Friday, December 12, 2008

UK government U-turn on copyright extension

It seems that the UK government are doing a U-turn on their opposition to the extension of the copyright term in sound recordings. The good folks are ORG are unimpressed and suggest we start writing to our MEPs.
"UK Culture Secretary Andy Burnham today indicated that he would support an extension of the length of copyright protection granted to sound recordings from 50 years to 70 years.

The announcement directly contradicts previous Government policy on term extension, and could disappoint many UK citizens hoping the UK will reject proposals currently being discussed at EU level to extend the copyright term. Back in 2006, the independent Gowers Review of Intellectual Property recommended against term extension. The review commissioned significant independent research [.pdf] which found that extending term would have a negative effect on consumers, and scant benefits for the majority of performers. Making the announcement today, Burnham indicated that he was prepared to ignore the facts in favour of what he called a “moral case”.

But the U-turn can probably be more accurately ascribed to the intense lobbying activities of record labels and collecting societies - the bodies likely to see the most benefit from extending term - ever since Gordon Brown accepted Gowers’ recommendations in full."

UK consumer group goes after copyright bullies

From Ars Technica:
"UK consumer advocacy group Which? has filed a complaint against the law firm responsible for sending out letters to Internet users threatening them with legal action if they don't pay up for various copyright violations. The organization says it has investigated a number of letters sent by Davenport Lyons and believes that it has sent repeated accusations to innocent users, coercing them into paying for something they didn't do. As a result, Which? wants the Solicitors Regulatory Authority (SRA) to look into the matter for "excessive bullying.""
Thanks to Glyn at ORG for the link.

Who owns Christmas? IP lawyers?

From Forbes:
"Tis the season for intellectual property lawyers.

In late November, Louisville, Ky., abruptly abandoned plans for a Christmas display based on the story "How the Grinch Stole Christmas."

It wasn't because of public uproar, or the big green meanie terrifying small children. No, it was the cease-and-desist letter from lawyers representing the estate of legendary children's author Dr. Seuss, threatening to sue for copyright infringement if the city went ahead with the Grinch-themed display...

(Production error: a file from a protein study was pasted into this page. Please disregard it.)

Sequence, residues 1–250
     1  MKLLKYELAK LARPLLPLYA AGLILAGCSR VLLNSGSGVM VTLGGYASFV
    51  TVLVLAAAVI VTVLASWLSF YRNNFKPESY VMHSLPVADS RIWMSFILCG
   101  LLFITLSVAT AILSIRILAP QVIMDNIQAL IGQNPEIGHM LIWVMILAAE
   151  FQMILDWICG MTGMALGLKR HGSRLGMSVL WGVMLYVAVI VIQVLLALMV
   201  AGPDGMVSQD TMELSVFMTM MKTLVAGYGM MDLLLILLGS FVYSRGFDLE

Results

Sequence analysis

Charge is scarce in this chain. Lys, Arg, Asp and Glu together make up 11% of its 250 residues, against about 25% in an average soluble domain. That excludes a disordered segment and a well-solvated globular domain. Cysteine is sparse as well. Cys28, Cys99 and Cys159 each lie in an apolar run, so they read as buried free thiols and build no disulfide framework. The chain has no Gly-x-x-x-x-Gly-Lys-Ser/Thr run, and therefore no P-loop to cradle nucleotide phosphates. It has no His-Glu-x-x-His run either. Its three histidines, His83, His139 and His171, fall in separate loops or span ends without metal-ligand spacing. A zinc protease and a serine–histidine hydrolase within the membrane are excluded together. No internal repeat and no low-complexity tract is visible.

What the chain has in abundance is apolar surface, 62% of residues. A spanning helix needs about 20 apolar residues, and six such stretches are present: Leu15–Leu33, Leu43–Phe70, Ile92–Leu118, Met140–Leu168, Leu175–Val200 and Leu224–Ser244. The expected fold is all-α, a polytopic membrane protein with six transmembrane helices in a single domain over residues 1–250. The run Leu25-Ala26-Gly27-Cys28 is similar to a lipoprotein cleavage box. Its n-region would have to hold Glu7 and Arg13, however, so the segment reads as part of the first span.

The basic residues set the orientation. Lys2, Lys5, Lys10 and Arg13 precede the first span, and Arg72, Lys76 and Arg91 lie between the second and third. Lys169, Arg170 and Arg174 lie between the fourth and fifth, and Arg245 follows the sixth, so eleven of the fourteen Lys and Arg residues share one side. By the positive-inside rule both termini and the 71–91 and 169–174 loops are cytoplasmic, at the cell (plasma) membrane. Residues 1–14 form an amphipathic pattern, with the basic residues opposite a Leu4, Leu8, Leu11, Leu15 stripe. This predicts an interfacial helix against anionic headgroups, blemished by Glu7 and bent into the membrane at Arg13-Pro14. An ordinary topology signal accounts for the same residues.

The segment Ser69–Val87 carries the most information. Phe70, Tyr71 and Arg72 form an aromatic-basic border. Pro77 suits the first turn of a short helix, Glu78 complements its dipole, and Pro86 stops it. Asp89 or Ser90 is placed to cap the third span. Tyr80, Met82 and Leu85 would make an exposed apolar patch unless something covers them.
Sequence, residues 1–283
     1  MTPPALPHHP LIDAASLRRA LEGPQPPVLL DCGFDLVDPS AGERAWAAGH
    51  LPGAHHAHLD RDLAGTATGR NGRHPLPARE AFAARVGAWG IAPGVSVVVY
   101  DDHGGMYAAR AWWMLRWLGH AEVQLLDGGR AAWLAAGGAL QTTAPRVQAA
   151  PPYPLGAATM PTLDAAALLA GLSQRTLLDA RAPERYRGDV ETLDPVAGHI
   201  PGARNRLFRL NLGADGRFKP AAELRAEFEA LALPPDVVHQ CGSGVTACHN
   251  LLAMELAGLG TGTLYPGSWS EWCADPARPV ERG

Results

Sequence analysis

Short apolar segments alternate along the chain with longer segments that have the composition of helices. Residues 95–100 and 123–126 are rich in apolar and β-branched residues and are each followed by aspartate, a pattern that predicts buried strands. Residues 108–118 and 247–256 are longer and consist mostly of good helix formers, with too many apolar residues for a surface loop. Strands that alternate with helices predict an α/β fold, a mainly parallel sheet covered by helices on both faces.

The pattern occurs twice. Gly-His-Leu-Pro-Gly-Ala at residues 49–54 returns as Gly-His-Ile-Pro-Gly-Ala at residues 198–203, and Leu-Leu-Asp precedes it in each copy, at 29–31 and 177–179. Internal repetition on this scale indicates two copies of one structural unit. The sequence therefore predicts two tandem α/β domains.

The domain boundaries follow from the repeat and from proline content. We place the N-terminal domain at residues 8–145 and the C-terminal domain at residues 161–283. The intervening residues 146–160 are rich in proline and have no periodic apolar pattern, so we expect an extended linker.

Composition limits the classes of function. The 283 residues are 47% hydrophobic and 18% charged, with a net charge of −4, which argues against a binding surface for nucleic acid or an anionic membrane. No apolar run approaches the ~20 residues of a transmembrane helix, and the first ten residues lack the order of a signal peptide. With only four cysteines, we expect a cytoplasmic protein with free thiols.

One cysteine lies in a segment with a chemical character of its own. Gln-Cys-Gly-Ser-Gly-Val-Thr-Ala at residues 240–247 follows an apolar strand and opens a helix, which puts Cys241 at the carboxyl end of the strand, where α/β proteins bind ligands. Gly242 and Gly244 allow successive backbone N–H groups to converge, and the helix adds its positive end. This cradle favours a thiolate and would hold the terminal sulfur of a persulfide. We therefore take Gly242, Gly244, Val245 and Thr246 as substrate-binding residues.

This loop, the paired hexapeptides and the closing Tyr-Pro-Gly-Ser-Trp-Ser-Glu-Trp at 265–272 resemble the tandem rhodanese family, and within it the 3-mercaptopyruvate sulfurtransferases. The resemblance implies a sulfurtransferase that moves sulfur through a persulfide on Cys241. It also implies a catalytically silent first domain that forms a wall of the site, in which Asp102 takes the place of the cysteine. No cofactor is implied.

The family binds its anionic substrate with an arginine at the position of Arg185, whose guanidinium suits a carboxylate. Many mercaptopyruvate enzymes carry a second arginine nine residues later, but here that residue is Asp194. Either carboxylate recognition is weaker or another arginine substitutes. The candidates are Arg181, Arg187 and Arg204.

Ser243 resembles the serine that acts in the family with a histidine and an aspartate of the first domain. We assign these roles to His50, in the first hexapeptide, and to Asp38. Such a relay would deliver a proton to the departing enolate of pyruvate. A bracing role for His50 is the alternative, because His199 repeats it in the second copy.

Father Christmas, a British company and owner of, owns a trademark for "Santa Claus."...

Even asking for presents is in legal limbo. Much to the chagrin of computer-savvy children everywhere, a company in Florida called Channel Intelligence says it owns the rights to digital wish lists. Last week, it filed a lawsuit against half a dozen Internet start-ups alleging patent infringement, saying they had violated the patent by creating ways for users to create wish lists for products that people may want others to buy for them."

Sony settles invasion of children's privacy suit for $1million

From AP via Findlaw:
"Sony BMG Music Entertainment has agreed to pay $1 million to settle charges by the Federal Trade Commission that it improperly collected and disclosed personal information on thousands of children under 13 without their parents' consent.

The FTC said Thursday the civil penalty is the largest ever to be paid in a case alleging violation of the Children's Online Privacy Protection Act."

Tuesday, December 09, 2008

Quotes of the day and a rant on government ID stupidity

"Failure does not strike like a bolt from the blue. It develops gradually according to its own logic." Dietrich Dorner.

"Evils which have struck their roots deep in the fabric of human society are often accepted, even by the best minds, as part of the providential ordering of life. They lurk unsuspected in the system of things until men of keen vision and heroic heart drag them into the light, or until their insolent power visibly threatens human welfare." William Charles Braithwaite, 1919

Thanks to my colleague Judith Williams for drawing my attention to the first of these and to William Heath for pointing out the Braithwaite quote, in the midst of an entertaining rant about the leaking of the government's non disclosure agreement allowing warrantless police and private security company searches of the homes of anyone engaged in employment in connection with the ID card system.

"The latest leak to come through Phil “hardest man in NGO-world” Booth takes us deep into the power and control-crazed vision of group-think-world. Behing the mind-guards lurks a fearful and paranoid community whose arrogant power seems to run unchecked by reality, and therefore somehow impotent.

It’s the Home Office/IPS non-disclosure agreement. The Benighted System’s anti-leaks provisions are already leaked to Wikileaks.

For years I told suppliers to think very carefully before taking on the business and political risk of dealing with people who didn’t know what they were doing and were wilfully blind to how unpopular it would be. I should have added: the suppliers should also expect to be treated with contempt, corporately and as individuals.

There’s a dark humour in this. The more the control model fails, the more desperate the attempts to exert more control. It’s well worth a read, and it does make for desperate reading.

If a court requires disclosure about the Benighted Scheme (think BAe/Saudi Arabia, illegal immigrant security guards in Home Office etc) suppliers are required by the NDA to be as uncooperative as possible with the request. Instead they must co-operate with Home Office/IPS agencies to challenge the validity of any requirement to disclose. This sums up the Home Office’s open government philosophy.

The Home Office will pick up half the tab of the legal challenge. Who cares? It’s only taxpayers money, and what better activity to spend it on than contesting legalistic do-gooders trying to be open about the Benighted Scheme?